Re: [RFC] writeback and cgroup

From: Fengguang Wu
Date: Mon Apr 23 2012 - 10:36:25 EST

On Mon, Apr 23, 2012 at 02:42:40PM +0200, Jan Kara wrote:
> On Mon 23-04-12 18:24:20, Wu Fengguang wrote:
> > On Mon, Apr 23, 2012 at 11:14:32AM +0200, Jan Kara wrote:
> > > On Fri 20-04-12 21:34:41, Wu Fengguang wrote:

> > > > But be warned! Partitioning the dirty pages always means more
> > > > fluctuations of dirty rates (and even stalls) that's perceivable by
> > > > the user. Which means another limiting factor for the backpressure
> > > > based IO controller to scale well.
> > > Sure, the smaller the memcg gets, the more noticeable these fluctuations
> > > would be. I would not expect memcg with 200 MB of memory to behave better
> > > (and also not much worse) than if I have a machine with that much memory...
> >
> > It would be much worse if it's one single flusher thread round robin
> > over the cgroups...
> >
> > For a small machine with 200MB memory, its IO completion events can
> > arrive continuously over time. However if its a 2000MB box divided
> > into 10 cgroups and the flusher is writing out dirty pages, spending
> > 0.5s on each cgroup and then go on to the next, then for any single
> > cgroup, its IO completion events go quiet for every 9.5s and goes up
> > on the other 0.5s. It becomes really hard to control the number of
> > dirty pages.
> Umm, but flusher does not spend 0.5s on each cgroup. It submits 0.5s
> worth of IO for each cgroup.


> Since the throughput computed for each cgroup
> will be scaled down accordingly (and thus write_chunk will be scaled down
> as well), it should end up submitting 0.5s worth of IO for the whole system
> after it traverses all the cgroups, shouldn't it? Effectively we will work
> with smaller write_chunk which will lead to lower total throughput - that's
> the price of partitioning and higher fairness requirements (previously the

Sure you can do that. However I think we were talking about memcg
dirty limits, in which case we still have good chances to keep the
0.5s per inode granularity by making the dirty limits high so that it
won't be hit normally. Only when there comes lots of memory cgroups
that the flusher cannot easily safeguard fairness among them, we may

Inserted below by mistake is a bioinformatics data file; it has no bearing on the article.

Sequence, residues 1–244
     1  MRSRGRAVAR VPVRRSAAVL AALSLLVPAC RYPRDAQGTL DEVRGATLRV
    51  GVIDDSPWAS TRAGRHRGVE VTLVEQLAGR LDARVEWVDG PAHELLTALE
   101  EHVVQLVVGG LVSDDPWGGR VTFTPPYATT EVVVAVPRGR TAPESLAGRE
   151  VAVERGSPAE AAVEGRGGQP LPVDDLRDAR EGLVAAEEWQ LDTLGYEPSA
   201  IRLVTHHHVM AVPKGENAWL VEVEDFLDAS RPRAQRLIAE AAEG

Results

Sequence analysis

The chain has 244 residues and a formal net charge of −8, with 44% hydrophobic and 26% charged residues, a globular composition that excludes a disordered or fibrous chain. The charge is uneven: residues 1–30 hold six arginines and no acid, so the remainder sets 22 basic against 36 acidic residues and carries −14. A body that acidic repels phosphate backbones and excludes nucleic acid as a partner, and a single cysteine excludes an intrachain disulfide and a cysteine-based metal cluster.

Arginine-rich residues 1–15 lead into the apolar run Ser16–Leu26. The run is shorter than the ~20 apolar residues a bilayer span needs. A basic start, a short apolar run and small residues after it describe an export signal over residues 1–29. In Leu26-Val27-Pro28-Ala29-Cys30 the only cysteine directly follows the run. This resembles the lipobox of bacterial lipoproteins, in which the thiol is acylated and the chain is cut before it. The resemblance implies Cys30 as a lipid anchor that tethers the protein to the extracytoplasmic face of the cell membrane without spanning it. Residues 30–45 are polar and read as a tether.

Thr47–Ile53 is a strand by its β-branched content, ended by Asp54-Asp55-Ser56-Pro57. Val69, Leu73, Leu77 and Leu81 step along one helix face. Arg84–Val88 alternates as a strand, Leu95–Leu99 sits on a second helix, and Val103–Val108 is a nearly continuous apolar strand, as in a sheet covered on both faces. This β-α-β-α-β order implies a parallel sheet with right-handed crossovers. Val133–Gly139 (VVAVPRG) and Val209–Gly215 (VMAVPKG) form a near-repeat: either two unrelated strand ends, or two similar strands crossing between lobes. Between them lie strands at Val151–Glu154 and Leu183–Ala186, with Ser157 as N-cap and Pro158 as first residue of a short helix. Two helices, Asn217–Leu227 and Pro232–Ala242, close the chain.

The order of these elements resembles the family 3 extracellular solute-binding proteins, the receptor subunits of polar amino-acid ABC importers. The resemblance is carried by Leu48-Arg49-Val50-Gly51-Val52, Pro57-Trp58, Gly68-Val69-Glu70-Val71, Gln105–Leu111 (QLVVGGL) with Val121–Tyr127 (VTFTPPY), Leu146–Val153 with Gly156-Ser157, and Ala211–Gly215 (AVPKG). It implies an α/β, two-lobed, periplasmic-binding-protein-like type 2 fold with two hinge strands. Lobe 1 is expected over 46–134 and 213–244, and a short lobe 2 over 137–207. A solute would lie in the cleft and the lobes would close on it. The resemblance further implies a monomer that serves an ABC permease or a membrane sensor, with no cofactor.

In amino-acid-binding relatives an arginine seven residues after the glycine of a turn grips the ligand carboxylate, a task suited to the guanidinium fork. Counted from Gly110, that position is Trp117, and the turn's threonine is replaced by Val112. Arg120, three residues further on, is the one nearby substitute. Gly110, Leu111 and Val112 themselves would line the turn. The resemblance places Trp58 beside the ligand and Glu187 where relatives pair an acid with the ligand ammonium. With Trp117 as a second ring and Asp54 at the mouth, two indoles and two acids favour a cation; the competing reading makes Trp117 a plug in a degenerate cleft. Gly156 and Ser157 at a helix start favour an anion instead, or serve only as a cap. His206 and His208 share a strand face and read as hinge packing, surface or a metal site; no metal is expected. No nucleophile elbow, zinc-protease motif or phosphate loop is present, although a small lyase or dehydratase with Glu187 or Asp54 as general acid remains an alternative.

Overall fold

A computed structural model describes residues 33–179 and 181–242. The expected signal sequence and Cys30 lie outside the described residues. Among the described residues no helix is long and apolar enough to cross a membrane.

consider decreasing the writeback chunk size.

> requirement was to switch to a new inode every 0.5s, now the requirement is
> to switch to a new inode in each cgroup every 0.5s). In the end, we may end
> up increasing the write_chunk by some factor like \sqrt(number of memcgs)
> to get some middle ground between the guaranteed small latency and
> reasonable total throughput but before I'd go for such hacks, I'd wait to
> see real numbers - e.g. paying 10% of total throughput for partitioning the
> machine into 10 IO intensive cgroups (as in your tests with dd's) would be
> a reasonable cost in my opinion.

For IO cgroups, I'd always prefer to avoid partitioning the dirty pages
and async IO queue so as to avoid such embarrassing tradeoffs in the
first place :-)

> Also the granularity of IO completions should depend more on the
> granularity of IO scheduler (CFQ) rather than the granularity of flusher
> thread as such so I wouldn't think that would be a problem.

By avoiding the partitions, we'll cancel the fairness problem. So
the coarse granularity of flusher won't be a problem for IO cgroups at
all. balance_dirty_pages() will do proper throttling when dirty pages
are created, based directly on the blkcg weights and ongoing IO.
After that all async IOs go as a single stream from the flusher to the
storage. There are no need for page tracking. No split inode lists and
hence granularity or shared inodes issues for the flusher. Above all
there will be no degradation of performance at all, whether it be
throughput, latency or responsiveness.

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